Tradeshow and Exhibit Thoughtleaders
by Gordon Nary
Gordon Can you give us a reality check of the trade show and event space as Panvista sees it?
Michael: Engagement: that’s the word that we hear and it’s what hosts and exhibitors need and want from shows today. How engaged is my audience with the show I’m putting on or the products I’m showing? The hosts want busy events with content resonating with attendees and activity appealing to exhibitors and sponsors. And at their shows, exhibitors and sponsors want to be with the right prospects and see proof that this is the right show to come back to. There’s choice on where to spend money each year and lately, we’re hearing that those budgets are becoming tighter.
Events and trade shows today use proven but limiting tools like hardcopy agendas, maps and sign-in sheets. They use mobile event apps and badge scanning hardware for lead capture and traffic management. We also know that event organizers typically have been in this business for a long time and do possess their own intuition and subjectivity. In their eyes, events often just look busy.
But, and this is a big “but”, we think more can be done in capturing and understanding the physical activity of those present at an event. We think events that understand attendees in more than one dimension are the most successful. Hosts can get increased revenue from exhibitors together with a reduced churn in bookings for next year. And exhibitors can get the clearest line of sight yet on booth activity for qualified lead generation.
We’ve seen lots of show websites and prospectuses and common metrics shown are numbers like total registrants and profile breakdowns of those who come, i.e., managers, buyers, visitors from Ontario etc. This starts to tell a story but where it stops short is revealing what people do once they are in an event. What do they see, how long do they stay and how often do they return to booths or sponsored areas? An attendee registering for something is often different from what they do when they are actually there. We all have busy lives outside of the shows and events that we attend and sometimes those lives take over.
Gordon: So, what are Beacons and how do they work?
Michael: Think of something about the size and weight of a U.S. quarter that’s powered by a small battery and sends out signals via Bluetooth LE. This device can be attached to a standard lanyard and badge that we’ve all worn at events. Once set up, Beacons can be part of a solution that has a wide range of sensitivity, from covering individual booth space right up to large rooms indoors or outside. They are cost effective when the event size, hardware and deployment effort are considered. And compared to RFID, another technology they are often confused with, Beacons are easier to deploy (lighter, less cumbersome equipment), offer greater coverage and accuracy.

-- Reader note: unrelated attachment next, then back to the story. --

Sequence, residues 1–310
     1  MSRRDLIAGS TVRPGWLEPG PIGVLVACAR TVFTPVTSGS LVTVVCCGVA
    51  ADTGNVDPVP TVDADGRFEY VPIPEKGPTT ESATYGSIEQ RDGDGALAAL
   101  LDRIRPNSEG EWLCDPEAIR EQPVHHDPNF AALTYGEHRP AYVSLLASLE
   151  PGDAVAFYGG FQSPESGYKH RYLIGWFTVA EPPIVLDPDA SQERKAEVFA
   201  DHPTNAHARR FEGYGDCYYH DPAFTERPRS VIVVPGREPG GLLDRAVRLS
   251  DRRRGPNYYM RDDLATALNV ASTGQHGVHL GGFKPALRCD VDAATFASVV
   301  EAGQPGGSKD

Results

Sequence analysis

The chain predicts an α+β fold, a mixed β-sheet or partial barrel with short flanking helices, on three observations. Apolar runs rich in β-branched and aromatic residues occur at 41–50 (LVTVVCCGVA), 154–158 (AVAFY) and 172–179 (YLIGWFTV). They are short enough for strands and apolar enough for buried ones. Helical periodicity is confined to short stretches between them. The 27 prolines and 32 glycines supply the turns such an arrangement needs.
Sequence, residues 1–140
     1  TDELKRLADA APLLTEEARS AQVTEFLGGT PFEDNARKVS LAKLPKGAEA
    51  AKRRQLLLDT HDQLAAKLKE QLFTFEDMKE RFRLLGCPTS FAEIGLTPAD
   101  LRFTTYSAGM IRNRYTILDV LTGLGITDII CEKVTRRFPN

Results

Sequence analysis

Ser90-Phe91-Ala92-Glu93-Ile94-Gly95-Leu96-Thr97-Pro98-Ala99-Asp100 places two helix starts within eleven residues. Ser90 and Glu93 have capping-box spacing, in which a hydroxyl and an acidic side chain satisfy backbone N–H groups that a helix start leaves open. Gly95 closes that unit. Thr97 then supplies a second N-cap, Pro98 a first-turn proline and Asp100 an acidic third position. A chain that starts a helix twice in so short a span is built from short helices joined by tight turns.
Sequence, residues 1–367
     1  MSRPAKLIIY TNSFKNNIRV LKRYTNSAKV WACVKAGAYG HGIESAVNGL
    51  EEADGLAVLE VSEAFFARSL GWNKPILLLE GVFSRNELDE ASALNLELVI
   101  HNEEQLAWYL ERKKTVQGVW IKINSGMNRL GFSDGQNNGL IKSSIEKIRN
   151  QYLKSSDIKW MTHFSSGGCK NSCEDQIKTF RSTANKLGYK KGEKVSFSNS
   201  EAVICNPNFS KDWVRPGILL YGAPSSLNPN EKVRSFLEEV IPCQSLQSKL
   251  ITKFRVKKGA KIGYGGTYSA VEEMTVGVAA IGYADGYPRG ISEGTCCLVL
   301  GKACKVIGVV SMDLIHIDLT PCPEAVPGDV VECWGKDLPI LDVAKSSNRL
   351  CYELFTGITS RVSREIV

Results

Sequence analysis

Gordon: So where can they work in an event area specifically?
Michael: They can work in food and beverage areas, breakout rooms, in session rooms or keynote ballrooms, in common or pre-function rooms or on the tradeshow floor. They can also work in specific areas within larger booths like demo theatres or big equipment that may be on display.
Gordon: How is a Beacon solution set up?
Michael: It starts at registration, where an attendee gets their badge. Upon pickup, a Beacon is placed inside the badge after being paired with the attendee’s registration information, usually via a quick bar code or QR scan of the badge. The attendee then begins their event visit. As they walk around the trade floor, as they attend courses or seminars, as they listen to guest speakers – wherever the host wants to see their traffic – their activity is being measured. This is made possible by the badge pinging small sensors deployed throughout the show space.
This activity happens each second and the results are delivered in near real time, about every 10 to 15 minutes. Data is uploaded via Wi-Fi to a cloud-based portal for the organizer to see. Having been in many event spaces, we know that Wi-Fi can be a challenge and not always available, so the solution can run on its own proprietary network if needed.
When the show is over, the sensor hardware is returned and put away for next time. If the event badges are returned and recycled – something we support by the way – the Beacons inside can also be re-provisioned and used again. All the equipment is very robust and hides in plain sight.
Gordon: You mention registration. How does Beacon technology work with registration companies?
Michael: Very easily. All that is needed is a copy of the registration file of attendees before show time; typically an Excel or CSV formatted spreadsheet. Come show time, they provide badges to attendees like they always do, only the badges they hand out have Beacons in them. We have several registration companies that we have relationships with.
Gordon: And how does an event organizer turn these little Beacons into something that can drive big event analytics?
Michael: Beacons drive analytics in three ways. The first way is by explaining through a very clear and simple line of sight, what a busy show or booth is and what that means to the host and exhibitor. As I mentioned earlier, knowing that 1,000 people are in a room only goes so far in understanding engagement.